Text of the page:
(1) an assessment of the scope of the problem of mental illness and dysfunctional and self-destructive behavior, including child abuse and family violence, among Indian people;
(2) an assessment of the existing and additional resources necessary to adequately support a program for the prevention and treatment of such illness and behavior; and
(3) an estimate of the funding necessary to adequately support such program.
Requires the Secretary and the Secretary of the Interior to enter into a memorandum of agreement on how to implement such Plan. Authorizes the Secretary to make grants to Indian tribes which adopt a resolution for the establishment of a Community Mental Health Plan to identify and coordinate available resources and programs to identify, prevent, or treat mental illness or dysfunctional and self-destructive behavior.
Authorizes appropriations for FY 1991 and 1992.
Requires the Secretaries to compile a list of staff positions maintained by the Bureau of Indian Affairs and the Indian Health Service and similar positions maintained by Indian tribes the qualifications of which should include training relating to mental health problems.
Authorizes appropriations for FY 1991 and 1992.
Directs the Secretary to develop a plan to increase the staff of the Service devoted to mental health care.
Authorizes appropriations to the Secretary for FY 1992 for recruitment and retention of mental health care personnel through bonuses, loan repayment, and postgraduate rotations.
Directs the Secretary to establish and maintain a Mental Health Technician program for the training and employment of Indians to provide community services as mental health technicians, including the utilization of traditional mental health care practices.
Authorizes appropriations for FY 1992.
Authorizes appropriations for FY 1992 for the Secretary, acting through the Service, to conduct research on the incidence and prevalence of mental disorders among Indian populations on Indian reservations and urban areas.
Requires the Secretary to assess:
(1) the need for inpatient mental health care among Indian people; and
(2) the availability and cost of inpatient mental health facilities which can meet such need.
Requires the Secretary to report annually to the Congress on the status of mental health programs for Indian people.
Authorizes appropriations for FY 1991 and 1992 for the Secretary to make grants to Indian tribes or inter-tribal consortia for 75 percent of the costs of planning, developing, and implementing programs to deliver mental health services to Indians. Directs the Secretary to enter into contracts with, or make grants to, Indian tribes or tribal organizations to carry out a Health Care Delivery Demonstration Project to test innovative health care delivery systems which can effectively and efficiently provide health facilities and services to Indians. Permits such projects to include the construction and renovation of hospitals and other health facilities.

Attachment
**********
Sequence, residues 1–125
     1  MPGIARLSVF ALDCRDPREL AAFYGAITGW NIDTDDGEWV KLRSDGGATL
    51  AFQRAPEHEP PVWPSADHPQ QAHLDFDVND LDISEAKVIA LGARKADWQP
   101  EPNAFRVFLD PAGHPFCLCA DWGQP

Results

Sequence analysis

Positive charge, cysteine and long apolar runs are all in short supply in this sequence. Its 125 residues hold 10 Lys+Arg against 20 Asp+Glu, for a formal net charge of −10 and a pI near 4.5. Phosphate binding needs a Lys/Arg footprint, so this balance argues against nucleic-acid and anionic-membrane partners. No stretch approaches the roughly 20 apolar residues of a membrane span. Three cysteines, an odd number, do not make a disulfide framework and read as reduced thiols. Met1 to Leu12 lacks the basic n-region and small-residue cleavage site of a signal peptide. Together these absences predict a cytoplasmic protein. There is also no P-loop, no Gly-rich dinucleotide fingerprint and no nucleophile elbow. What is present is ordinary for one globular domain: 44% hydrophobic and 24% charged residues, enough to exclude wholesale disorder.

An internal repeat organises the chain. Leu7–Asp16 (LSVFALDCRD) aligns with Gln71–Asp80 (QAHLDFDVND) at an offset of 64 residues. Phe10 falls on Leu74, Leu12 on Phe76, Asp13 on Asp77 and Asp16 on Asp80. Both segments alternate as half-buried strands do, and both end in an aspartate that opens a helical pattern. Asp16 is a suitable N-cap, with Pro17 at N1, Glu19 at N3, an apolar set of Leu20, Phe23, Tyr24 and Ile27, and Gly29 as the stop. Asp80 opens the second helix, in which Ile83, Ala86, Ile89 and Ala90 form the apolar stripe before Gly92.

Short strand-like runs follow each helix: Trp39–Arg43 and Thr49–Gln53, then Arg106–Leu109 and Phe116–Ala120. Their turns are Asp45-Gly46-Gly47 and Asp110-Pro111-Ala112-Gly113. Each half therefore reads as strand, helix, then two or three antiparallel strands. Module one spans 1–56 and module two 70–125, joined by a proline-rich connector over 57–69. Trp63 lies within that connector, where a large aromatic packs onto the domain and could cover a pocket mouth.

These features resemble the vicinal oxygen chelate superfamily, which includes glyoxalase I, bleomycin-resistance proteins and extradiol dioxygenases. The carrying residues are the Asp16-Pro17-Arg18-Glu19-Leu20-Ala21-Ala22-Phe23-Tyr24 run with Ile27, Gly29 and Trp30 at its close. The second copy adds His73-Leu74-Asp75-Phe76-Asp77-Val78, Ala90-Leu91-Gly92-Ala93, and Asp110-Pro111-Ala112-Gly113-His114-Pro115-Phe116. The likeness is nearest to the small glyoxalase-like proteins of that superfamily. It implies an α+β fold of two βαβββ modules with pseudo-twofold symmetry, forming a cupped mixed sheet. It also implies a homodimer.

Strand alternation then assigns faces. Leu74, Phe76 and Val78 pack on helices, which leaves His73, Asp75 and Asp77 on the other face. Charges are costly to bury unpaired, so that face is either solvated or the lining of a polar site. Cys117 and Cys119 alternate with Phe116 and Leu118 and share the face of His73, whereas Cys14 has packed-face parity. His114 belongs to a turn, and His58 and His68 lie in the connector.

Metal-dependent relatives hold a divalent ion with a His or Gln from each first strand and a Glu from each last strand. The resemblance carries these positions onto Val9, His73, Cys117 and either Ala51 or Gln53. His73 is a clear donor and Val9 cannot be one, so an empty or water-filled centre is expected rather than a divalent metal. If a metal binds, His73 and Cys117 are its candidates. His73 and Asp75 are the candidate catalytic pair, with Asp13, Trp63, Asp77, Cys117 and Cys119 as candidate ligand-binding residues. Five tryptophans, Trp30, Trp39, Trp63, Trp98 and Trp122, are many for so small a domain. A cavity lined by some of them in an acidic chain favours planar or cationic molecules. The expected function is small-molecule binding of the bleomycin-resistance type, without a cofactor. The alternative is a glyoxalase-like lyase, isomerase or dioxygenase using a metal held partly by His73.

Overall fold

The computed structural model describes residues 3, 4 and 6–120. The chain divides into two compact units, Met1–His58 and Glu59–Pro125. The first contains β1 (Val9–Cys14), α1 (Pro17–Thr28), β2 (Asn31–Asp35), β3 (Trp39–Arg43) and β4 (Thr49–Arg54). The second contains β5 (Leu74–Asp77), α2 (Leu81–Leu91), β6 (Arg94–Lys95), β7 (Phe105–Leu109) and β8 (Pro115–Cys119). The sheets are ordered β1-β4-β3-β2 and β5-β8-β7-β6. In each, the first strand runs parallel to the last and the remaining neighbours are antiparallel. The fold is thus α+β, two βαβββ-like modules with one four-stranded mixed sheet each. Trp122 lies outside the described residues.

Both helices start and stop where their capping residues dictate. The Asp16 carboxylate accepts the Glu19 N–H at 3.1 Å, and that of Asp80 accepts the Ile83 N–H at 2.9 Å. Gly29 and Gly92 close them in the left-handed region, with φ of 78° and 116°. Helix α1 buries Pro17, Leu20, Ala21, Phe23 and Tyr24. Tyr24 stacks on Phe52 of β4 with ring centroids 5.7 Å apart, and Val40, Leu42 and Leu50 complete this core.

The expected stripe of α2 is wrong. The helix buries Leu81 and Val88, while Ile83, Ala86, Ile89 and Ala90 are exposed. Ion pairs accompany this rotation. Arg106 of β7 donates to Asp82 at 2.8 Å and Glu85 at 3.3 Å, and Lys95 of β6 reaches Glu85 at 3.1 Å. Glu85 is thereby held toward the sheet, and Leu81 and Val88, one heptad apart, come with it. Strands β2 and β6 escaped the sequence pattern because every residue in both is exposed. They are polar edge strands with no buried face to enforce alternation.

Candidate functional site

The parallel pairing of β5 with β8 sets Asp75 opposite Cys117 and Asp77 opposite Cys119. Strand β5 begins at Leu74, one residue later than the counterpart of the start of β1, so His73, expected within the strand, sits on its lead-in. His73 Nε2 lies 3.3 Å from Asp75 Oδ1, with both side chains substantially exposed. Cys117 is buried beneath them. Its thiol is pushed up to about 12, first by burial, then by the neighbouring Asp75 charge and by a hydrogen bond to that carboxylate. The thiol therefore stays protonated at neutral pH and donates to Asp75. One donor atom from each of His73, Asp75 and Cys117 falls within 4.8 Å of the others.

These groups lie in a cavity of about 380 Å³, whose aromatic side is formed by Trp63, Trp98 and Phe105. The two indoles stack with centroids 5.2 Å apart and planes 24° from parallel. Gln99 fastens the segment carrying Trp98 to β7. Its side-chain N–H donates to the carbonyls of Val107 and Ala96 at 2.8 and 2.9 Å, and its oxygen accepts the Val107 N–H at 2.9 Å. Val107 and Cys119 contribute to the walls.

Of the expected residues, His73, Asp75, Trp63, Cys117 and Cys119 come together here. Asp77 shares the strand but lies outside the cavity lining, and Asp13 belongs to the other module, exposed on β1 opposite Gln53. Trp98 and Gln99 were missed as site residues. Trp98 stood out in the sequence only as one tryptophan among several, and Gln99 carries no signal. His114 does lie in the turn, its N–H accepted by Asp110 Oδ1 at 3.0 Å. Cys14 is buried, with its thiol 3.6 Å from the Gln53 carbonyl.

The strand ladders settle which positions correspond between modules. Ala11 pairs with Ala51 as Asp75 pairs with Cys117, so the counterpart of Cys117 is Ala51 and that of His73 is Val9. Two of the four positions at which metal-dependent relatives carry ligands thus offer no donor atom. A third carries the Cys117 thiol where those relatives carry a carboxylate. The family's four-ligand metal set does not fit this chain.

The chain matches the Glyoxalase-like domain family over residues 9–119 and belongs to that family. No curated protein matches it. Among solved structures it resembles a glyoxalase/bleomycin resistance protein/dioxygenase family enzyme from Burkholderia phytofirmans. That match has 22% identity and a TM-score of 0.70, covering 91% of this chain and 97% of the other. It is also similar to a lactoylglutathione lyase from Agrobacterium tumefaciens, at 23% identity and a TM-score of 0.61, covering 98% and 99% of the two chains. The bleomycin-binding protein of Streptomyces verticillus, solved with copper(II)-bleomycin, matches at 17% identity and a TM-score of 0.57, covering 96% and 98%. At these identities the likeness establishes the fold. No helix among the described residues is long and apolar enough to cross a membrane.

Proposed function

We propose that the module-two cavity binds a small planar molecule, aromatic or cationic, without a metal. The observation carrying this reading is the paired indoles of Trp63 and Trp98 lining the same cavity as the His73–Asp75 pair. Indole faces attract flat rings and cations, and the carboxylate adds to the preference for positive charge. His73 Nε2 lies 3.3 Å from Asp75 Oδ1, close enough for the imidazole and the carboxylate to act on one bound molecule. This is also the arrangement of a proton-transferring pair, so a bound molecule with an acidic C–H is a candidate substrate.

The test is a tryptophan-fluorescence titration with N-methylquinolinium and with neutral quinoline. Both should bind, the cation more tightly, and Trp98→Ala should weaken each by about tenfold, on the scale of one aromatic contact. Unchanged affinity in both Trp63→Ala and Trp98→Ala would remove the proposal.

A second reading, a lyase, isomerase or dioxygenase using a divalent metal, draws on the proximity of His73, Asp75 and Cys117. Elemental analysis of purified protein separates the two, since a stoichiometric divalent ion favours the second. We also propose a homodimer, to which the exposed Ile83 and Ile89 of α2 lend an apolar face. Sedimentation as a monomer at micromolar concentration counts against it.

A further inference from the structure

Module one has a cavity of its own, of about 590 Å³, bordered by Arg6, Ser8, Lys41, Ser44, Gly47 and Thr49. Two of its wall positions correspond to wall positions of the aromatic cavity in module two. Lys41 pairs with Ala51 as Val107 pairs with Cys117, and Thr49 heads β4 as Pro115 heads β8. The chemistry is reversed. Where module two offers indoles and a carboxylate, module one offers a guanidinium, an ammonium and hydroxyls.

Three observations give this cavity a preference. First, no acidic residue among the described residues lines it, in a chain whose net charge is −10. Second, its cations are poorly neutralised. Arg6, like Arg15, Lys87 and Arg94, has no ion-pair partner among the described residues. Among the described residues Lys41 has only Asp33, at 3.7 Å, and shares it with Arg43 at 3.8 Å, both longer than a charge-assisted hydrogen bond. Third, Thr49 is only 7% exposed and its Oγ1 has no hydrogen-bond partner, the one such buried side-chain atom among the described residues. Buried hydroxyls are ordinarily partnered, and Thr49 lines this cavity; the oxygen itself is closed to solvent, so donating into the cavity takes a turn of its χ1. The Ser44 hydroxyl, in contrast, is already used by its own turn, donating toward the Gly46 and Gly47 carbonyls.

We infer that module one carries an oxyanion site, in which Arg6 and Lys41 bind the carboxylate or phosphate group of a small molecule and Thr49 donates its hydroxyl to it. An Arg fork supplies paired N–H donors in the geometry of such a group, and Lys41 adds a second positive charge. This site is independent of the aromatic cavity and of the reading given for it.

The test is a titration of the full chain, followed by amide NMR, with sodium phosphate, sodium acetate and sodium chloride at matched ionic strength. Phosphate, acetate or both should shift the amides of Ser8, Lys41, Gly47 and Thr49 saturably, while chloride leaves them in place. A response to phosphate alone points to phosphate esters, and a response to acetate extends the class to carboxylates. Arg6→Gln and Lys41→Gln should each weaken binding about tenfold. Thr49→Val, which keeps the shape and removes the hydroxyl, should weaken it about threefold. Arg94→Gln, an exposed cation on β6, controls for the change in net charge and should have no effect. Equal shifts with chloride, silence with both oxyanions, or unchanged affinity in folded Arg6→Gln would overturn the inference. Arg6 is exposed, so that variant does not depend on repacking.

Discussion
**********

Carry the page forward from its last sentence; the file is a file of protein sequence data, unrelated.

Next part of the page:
Directs the Secretary to establish criteria for considering and approving applications.
Authorizes the Secretary to provide for review panels to assist in such consideration.
Directs the Secretary to provide technical and other assistance to enable interested applicants to comply with this Act. Requires the Secretary to report to Congress on the results of those projects.
Authorizes appropriations for FY 1991 and 1992.
Amends the Indian Health Care Improvement Act to direct the Secretary of Health and Human Services, acting through the Indian Health Service, to provide to urban Indians through contracts with urban Indian health organizations:
(1) health promotion and disease prevention services;
(2) funding for immunization services;
(3) child abuse (including sexual abuse) prevention services; and
(4) mental health services.
Authorizes appropriations for:
(1) FY 1991 for the first two programs; and
(2) FY 1991 and 1992 for the last two.
Requires the Secretary to report to the Congress on a survey assessment of facilities used by contractors.
Authorizes appropriations for FY 1992 for the Secretary to fund minor renovations to facilities.
Directs the Secretary, through IHS, to report to the Congress on:
(1) the health status of the urban Indians;
(2) the services provided under this Act; and
(3) areas of unmet need.
Directs the Secretary and the Secretary of the Interior to report to the Congress on their assessment of the status of Indian child welfare in urban communities with recommendations on legislation to improve Indian child protection in such communities.
Establishes within the Office of Health Programs of IHS, as part of the Division of Clinical and Preventive Services, a Branch of Urban Health Programs. Amends the Indian Alcohol and Substance Abuse Prevention and Treatment Act of 1986 to provide for a residential youth treatment facility in Fairbanks, Alaska.

House Republican Conference Summary

The summary below was written by the House Republican Conference, which is the caucus of Republicans in the House of Representatives.


No summary available.

House Democratic Caucus Summary

The House Democratic Caucus does not provide summaries of bills.

So, yes, we display the House Republican Conference’s summaries when available even if we do not have a Democratic summary available. That’s because we feel it is better to give you as much information as possible, even if we cannot provide every viewpoint.

We’ll be looking for a source of summaries from the other side in the meanwhile.

Use the comment space below for discussion of the merits of H.R. 3703 (101st) with other GovTrack users.
Your comments are not read by Congressional staff.

comments powered by Disqus